University of Denver

Law School Clinics Still Serving the Public and Training Students during COVID-19 Pandemic

Associate Professor and Director, Family and Child Legal Advocacy Clinic, University of Wyoming College of Law

For many practitioners and law students, the current crisis and subsequent need for social distancing is causing anxiety, stress, and depression—all of which impact our ability to maintain the level of professionalism required of lawyers. And as lawyers strive to maintain their practices, meet client needs, and stay physically and mentally safe and healthy during the COVID-19 pandemic, law students are facing unique challenges of their own.

Law students are figuring out how to transition to online classes, having their graduation ceremonies canceled, and wondering when—or if—they will take the bar exam and begin their careers. For many students enrolled in live-client clinics, the challenges of meeting their clients' needs in a transitional environment are particularly demanding. Yet law students in clinical programs have a unique opportunity to rise to the occasion: cases are still moving forward as courts strategically manage their caseloads and set deadlines and virtual appearances.

In live-client law school clinics, many clients have more pressing needs now than they did before the pandemic. For example, in family and child advocacy clinics, concerns over unemployment, evictions, child support, parenting time, domestic violence, and child abuse are on the rise. There is some indication that there will be a spike in domestic relations cases in the next few months as more consequences of this pandemic become apparent.

However, the current circumstances—including the need for many to work remotely—have given clinical law students enhanced opportunities to demonstrate characteristics highly valued in many sectors of the legal profession. Characteristics like integrity, work ethic, and resilience are crucial in times like these. Law students who enjoy overcoming challenges, work well autonomously, and have a commitment to achieving excellence will rise to the top. Those who choose to put forth the minimum amount of effort necessary to pass a clinic course (many law schools have gone to pass/fail grading) may find the skills necessary to be successful lawyers harder to achieve. On the other hand, how well individual law students adapt under challenging circumstances can give future employers insight into a recent law graduate's potential legal skills, professional competencies, and characteristics necessary to be successful lawyers.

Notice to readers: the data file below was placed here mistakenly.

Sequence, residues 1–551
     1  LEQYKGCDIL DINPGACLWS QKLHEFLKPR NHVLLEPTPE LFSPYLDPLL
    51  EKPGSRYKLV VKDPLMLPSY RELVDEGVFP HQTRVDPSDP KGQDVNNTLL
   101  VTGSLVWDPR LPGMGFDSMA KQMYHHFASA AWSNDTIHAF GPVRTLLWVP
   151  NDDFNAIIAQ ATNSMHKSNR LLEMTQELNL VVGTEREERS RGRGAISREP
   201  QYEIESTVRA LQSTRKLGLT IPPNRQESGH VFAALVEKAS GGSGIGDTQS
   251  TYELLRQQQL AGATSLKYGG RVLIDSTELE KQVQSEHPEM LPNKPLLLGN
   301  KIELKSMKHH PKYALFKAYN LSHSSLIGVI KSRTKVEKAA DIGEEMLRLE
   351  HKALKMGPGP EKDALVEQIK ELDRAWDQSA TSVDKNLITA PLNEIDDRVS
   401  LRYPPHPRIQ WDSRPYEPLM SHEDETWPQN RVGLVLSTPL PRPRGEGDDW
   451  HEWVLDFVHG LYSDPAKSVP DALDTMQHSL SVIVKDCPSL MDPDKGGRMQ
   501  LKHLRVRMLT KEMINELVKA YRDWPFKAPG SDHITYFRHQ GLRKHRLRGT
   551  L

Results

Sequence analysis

Experiential clinical faculty face personal, professional, and ethical challenges, too. For jurisdictions with a student practice rule, student attorneys are practicing under their supervising attorneys' licenses to practice law. Many of us are challenged by the need for better technology and more resources at our institutions, both of which are necessary to remotely supervise student attorneys, meet with clients, organize case files, and appear virtually for court hearings and trials. These hurdles, though, present clinical faculty with an opportunity to work with students through many of these unprecedented legal practice challenges.

It is doubtful that either law school or the practice of the law will come out of this pandemic unscathed. However, how we handle the disruptions now will influence how we, as lawyers, can handle other profession-wide challenges in the future. So while cases are pending, court dockets are stretched, and law school requirements are modified, clinical law students have an opportunity to demonstrate the professional competencies and legal skills that, when taken together, produce a whole lawyer. And most importantly, the ability to adapt during these unprecedented times will improve the quality of client representation and, consequently, improve public trust in our legal system—now and in the future.